Would I die running a Tough Mudder? Extremely unlikely, but my orthopedic surgeon told me I faced an exponential chance of seriously injuring myself again. And god damn, even though I have full use of knee again, it aches. All the time. I want to keep at least the left side of body feeling good.
When I was a 15 year old boy, my high school football coach recruited me to play line for the team. My father prevented me, suggesting I would get terribly injured. I’ve had many friends who suffered bad injuries playing football, and in the wake of my own breaks and surgery, I finally realize that my Dad probably did me a favor. Afterall, I broke bones four different times playing basketball. What would an amateur football career have done to my body?
Am I going to run away from every possible flirtation with death and injury? No, I still bicycle on the street, I love climbing mountains and going on hikes (though I stay on trail now), I would run a marathon, and so on, and so forth. But it’s managed risk.
When it’s our time, we can’t run away, but I certainly want to avoid death due to testosterone-based foolishness. Ah, the wisdom of middle age.
Deliver to the End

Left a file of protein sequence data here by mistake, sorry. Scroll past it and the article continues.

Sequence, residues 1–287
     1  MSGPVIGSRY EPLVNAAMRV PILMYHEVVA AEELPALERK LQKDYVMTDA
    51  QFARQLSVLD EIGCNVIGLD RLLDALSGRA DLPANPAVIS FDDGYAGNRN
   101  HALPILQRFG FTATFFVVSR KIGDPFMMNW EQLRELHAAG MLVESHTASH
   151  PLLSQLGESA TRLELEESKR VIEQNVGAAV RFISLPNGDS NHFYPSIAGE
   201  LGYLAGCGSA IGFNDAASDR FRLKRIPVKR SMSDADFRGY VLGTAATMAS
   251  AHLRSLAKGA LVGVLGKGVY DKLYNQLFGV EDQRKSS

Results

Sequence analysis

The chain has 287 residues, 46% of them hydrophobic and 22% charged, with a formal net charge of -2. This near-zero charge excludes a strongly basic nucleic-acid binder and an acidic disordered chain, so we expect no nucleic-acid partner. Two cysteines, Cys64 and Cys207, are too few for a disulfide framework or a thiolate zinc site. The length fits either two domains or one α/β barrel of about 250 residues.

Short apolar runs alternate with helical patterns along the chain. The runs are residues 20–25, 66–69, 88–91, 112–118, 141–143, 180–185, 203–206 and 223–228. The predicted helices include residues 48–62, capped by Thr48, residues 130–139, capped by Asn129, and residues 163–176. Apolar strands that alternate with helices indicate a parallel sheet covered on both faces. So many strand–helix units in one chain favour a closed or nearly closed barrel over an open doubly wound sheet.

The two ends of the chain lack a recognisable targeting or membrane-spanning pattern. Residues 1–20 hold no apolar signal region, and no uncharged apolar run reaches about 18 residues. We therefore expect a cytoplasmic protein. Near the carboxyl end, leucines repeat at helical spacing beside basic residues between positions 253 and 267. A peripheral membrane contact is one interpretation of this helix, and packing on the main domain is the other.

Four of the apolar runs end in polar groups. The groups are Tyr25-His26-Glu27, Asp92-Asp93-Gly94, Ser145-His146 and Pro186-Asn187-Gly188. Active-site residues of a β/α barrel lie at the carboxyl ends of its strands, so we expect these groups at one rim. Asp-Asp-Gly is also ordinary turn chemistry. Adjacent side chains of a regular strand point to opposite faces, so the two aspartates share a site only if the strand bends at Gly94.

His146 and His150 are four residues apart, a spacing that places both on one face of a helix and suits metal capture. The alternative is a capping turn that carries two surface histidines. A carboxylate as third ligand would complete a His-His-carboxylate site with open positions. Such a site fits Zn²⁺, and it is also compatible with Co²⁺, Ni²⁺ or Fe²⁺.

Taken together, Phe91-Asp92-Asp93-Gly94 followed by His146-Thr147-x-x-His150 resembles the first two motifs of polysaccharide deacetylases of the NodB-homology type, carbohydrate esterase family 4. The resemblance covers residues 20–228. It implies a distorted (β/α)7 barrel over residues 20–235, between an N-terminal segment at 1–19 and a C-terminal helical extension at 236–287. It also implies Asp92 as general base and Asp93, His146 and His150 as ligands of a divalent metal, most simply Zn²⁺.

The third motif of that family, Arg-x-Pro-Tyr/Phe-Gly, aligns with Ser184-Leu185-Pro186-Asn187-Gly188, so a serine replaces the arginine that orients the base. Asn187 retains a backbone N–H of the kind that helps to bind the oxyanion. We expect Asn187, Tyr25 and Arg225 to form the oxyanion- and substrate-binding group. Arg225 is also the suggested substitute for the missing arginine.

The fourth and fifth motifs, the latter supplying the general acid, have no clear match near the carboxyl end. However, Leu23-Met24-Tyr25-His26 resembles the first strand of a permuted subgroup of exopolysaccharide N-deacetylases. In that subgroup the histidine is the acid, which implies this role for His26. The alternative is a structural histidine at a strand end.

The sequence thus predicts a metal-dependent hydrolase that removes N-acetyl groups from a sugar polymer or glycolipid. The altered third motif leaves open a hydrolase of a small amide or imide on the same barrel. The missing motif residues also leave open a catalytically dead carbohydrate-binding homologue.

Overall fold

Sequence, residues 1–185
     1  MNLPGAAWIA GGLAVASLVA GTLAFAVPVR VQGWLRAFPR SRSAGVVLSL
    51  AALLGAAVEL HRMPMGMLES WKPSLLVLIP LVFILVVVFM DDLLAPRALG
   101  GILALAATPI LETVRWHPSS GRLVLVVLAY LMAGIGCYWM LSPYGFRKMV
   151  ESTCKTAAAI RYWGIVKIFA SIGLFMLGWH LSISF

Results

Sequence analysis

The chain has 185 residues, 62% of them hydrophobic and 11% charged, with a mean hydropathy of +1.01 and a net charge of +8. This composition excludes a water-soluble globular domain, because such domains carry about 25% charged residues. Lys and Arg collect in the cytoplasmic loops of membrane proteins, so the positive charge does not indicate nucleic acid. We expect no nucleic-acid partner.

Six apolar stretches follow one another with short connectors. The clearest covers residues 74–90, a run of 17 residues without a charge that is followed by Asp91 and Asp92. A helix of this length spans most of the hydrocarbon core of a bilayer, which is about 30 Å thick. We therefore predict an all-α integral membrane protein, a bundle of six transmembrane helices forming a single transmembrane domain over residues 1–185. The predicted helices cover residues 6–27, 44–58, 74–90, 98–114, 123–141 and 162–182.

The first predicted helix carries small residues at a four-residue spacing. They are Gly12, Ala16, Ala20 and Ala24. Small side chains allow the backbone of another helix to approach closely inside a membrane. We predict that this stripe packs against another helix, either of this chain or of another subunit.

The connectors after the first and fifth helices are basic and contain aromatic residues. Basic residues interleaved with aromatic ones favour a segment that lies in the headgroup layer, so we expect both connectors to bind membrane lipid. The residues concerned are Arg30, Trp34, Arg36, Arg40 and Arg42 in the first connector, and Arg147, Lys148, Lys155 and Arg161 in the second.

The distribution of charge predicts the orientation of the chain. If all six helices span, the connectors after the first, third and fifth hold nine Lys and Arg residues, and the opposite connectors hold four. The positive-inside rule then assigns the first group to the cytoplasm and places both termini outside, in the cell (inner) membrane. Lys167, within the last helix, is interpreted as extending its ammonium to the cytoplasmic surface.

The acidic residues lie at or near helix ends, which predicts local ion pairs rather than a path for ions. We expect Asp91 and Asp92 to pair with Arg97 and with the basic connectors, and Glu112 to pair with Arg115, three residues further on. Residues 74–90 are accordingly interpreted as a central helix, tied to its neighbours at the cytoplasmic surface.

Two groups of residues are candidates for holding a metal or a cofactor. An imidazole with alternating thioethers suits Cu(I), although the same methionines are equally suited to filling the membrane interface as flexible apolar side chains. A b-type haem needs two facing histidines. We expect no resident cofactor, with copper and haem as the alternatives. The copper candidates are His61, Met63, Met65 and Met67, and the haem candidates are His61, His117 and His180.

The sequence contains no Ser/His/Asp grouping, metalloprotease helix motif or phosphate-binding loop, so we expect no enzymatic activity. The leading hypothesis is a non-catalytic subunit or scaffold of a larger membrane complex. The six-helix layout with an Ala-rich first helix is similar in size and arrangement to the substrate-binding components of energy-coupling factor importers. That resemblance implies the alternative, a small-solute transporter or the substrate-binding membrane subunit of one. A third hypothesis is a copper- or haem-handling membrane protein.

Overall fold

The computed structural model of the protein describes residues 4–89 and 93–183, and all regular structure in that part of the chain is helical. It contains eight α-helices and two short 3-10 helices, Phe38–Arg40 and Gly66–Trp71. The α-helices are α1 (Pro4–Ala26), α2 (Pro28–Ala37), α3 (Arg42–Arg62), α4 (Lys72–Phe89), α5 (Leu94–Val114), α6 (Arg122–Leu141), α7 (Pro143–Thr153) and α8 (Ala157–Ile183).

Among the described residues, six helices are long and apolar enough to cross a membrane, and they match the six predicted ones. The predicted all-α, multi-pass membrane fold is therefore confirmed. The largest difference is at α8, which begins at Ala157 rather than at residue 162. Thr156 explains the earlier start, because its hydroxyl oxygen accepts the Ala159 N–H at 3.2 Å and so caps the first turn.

They say the world may end in a big rip, a result of the universe expanding too far. Then we all die, and our little conquests for meaning won’t add up to anything.
Yet, some simply walk about mindlessly just trying to feel good, others find contentment in momentary presence, and a few insist on packing everything they can in life.
Roger Ebert recently passed away, and he worked to the very end. He’s not the only one, many people work to the end, doing what they love, what matters to them and the people they have come to now.
I get that desire. Make every day matter, try and deliver to the world something useful, interesting, entertaining, or at least something to smile about. Somehow, I think presence is a part of that and walking your truth. Know who you are and do what you love.
Then I see others, the elderly in particular, folks that I’ve had to care for or have seen pass. Some enjoy their remaining time with their families, others are left alone to die, wasting away the years before TV sets and books, talking to fewer and fewer daily as their friends die off.
Sometimes I think there’s a real injustice done to our elderly by crating them off and leaving them in retirement homes. But some of those same elders continue putting themselves into the stream of life, while others give in to a slow surrender of loneliness.
I hope I never get to that point, frankly. I hope I go the way of Roger Ebert, doing what I love to the very end. Better to burn out than fade away, right?
You don’t know when it will end. You just know that it will.
What do you think about death?